60. DNX
  61. Dr. Reddy's
  62. Durect Corporation
  63. Dynamic Microbials
  64. Eisai
  65. Ekteino
  66. Elcam Medical
  67. Eli Lilly
  68. Emisphere
  69. Encap
  70. Endo International
  71. Entrega Bio
  72. ETI Karle Clinical
  73. ExcelseBio
  74. Extend Biotechnology
  75. Ferring Pharmaceuticals
  76. Flamel Technologies
  77. FluGen
  78. Galena Biopharma
  79. GALVmed
  80. GenBiotech
  81. Genentech
  82. Generex Biotechnology
  83. Generium
  84. Genta
  85. Genzyme
  86. Geron
  87. GlaxoSmithKline
  88. Graybug
  89. GSK
  90. H Lundbeck
  91. Halozyme Therapeutics
  92. Hikma Pharmaceuticals
  93. Hospira
  94. Hovione
  95. ICB International
  96. Innocore
  97. Intarcia Therapeutics
  98. Integrated Animal Health
  99. Intranasal Technology Inc (ITI)
  100. Intrexon
  101. Janssen Pharmaceuticals
  102. JCR Pharmaceuticals
  103. Johnson and Johnson
  104. JRX Biotechnology
  105. Kaer Therapeutics
  106. KemPharm
  107. Kereos
  108. Kurve Technology
  109. Kytogenics Pharmaceuticals
  110. Landec
  111. Laser Detect Systems
  112. Latitude Pharmaceuticals
  113. Lauren Sciences
  114. Le Métier de Beauté
  115. Leukocare Biotechnology
  116. Lipotek
  117. Liquidia Technologies/ Envisia Therapeutics
  118. Lung Rx
  119. Lysogene
  120. Medallion Therapeutics
  121. Medicure
  122. MedImmune
  123. MedinCell
  124. Medpace
  125. Merck
  126. Merrion Pharmaceuticals
  127. Midatech Group
  128. MIS Dental Implants Technologies
  129. Monosol Rx
  130. Mountain View Pharmaceuticals
  131. MSD Animal Health
  132. Mylan
  133. Nano Precision Medical
  134. Nanomerics
  135. NanoPass Technologies
  136. Nanovector
  137. NeuroNano
  138. Neurotech
  139. NHTherapeutics
  140. NOD Pharmaceuticals
  141. Novartis
  142. Novo Nordisk
  143. Oakwood Laboratories
  144. Octoplus
  145. Ocular Therapeutix
  146. Opsona Therapeutics
  147. Oramed Pharmaceuticals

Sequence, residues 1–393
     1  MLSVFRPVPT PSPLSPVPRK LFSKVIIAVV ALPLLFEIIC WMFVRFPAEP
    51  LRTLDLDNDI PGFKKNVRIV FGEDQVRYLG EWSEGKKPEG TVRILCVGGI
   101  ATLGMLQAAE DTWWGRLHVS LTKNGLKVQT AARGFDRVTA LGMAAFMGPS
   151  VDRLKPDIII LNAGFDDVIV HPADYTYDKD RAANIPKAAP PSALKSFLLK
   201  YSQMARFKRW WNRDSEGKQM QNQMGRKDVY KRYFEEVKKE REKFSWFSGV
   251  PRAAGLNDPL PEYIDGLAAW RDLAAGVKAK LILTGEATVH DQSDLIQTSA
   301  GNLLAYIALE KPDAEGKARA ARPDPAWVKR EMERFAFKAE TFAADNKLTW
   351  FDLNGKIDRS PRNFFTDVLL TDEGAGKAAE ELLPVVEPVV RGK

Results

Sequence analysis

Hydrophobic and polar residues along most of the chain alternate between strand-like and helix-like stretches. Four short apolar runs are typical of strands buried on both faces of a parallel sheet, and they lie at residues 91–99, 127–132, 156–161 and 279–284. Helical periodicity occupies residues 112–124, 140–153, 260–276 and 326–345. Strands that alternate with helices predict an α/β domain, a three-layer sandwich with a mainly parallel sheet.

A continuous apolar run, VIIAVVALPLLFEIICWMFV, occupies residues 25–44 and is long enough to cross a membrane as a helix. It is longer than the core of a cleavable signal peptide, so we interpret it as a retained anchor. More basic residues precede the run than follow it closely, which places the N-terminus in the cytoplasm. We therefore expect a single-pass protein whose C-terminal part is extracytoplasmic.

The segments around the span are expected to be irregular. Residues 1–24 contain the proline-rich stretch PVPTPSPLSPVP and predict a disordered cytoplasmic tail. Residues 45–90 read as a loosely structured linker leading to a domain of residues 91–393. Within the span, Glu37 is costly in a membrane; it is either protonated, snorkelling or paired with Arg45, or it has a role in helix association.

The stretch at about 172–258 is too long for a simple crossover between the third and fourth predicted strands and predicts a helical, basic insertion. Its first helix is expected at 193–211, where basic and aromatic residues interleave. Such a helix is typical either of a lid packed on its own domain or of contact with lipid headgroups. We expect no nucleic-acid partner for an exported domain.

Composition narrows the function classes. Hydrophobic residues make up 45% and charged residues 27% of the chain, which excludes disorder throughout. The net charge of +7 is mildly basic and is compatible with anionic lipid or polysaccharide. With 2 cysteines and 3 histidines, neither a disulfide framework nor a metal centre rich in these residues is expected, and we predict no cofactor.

148. Orbis Biosciences
  149. Orion Pharma
  150. Pacira Pharmaceuticals
  151. Pantec Biosolutions
  152. PATH
  153. Patheon
  154. PCI Biotech
  155. Pearl Therapeutics
  156. Peptineo
  157. Permeon Biologics
  158. Pfizer
  159. Pharmidex
  160. PhaseBio Pharmaceuticals
  161. Phosphagenics
  162. Phylogica
  163. PolyPid
  164. ProCore Bio Med
  165. ProLynx
  166. Prometheon Pharma
  167. Protheragen
  168. Proxima Concepts
  169. pSivida
  170. Pulmatrix
  171. Rani Therapeutics
  172. Roche
  173. Ruthigen
  174. Sagetis Biotech
  175. Sanofi
  176. Sanofi Aventis
  177. Santen
  178. Scil Proteins
  179. Serina Therapeutics
  180. Servier
  181. Shire
  182. Smoofi
  183. Solvanix
  184. Stallergenes
  185. Sterigenics
  186. Strativa Pharmaceuticals
  187. Suda
  188. Swiss Caps AG
  189. Symphony Medical
  190. Synthelis
  191. Takeda Pharmaceuticals
  192. Tamarisk Technologies Group
  193. Targeted Cell Therapies
  194. TheraKine
  195. Tibotec
  196. Transdermal Corp.
  197. Transdermal Specialties
  198. UCB
  199. UCL
  200. Valerion Therapeutics
  201. Valeritas
  202. Vaxxas
  203. Vect-Horus
  204. Vectura
  205. Vestiq Pharmaceuticals
  206. Wacker Biotech
  207. Wyeth Pharmaceuticals
  208. Xenetic Biosciences
  209. Xenios AG
  210. Xeris Pharmaceuticals
  211. XL Protein GmbH
  212. XstalBio
  213. YEDA
  214. Zogenix
  215. Zosano Pharma

 

Following VC Firms have been mentioned in the report

  1. 5AM Ventures
  2. 7 Med Health Ventures
  3. Abingworth
  4. Advanced Technology Ventures
  5. Aegis Capital Corp
  6. AGF Private Equity
  7. Alpes Developpement Durable Investissement
  8. Alpha Associates
  9. Alta Partners
  10. Altitude Life Sciences Ventures
  11. AnGes MG
  12. Apax Partners
  13. Aphelion Capital
  14. ARCH Venture Partners
  15. Ascension Health Ventures
  16. Astellas Venture Management
  17. Atlas Venture
  18. Avida Group
  19. BDC Capital
  20. Beacon Angels
  21. Beta Fund
  22. Bill & Melinda Gates Foundation
  23. Bioam Gestion
  24. BioMed Ventures
  25. Boehringer Ingelheim Venture Fund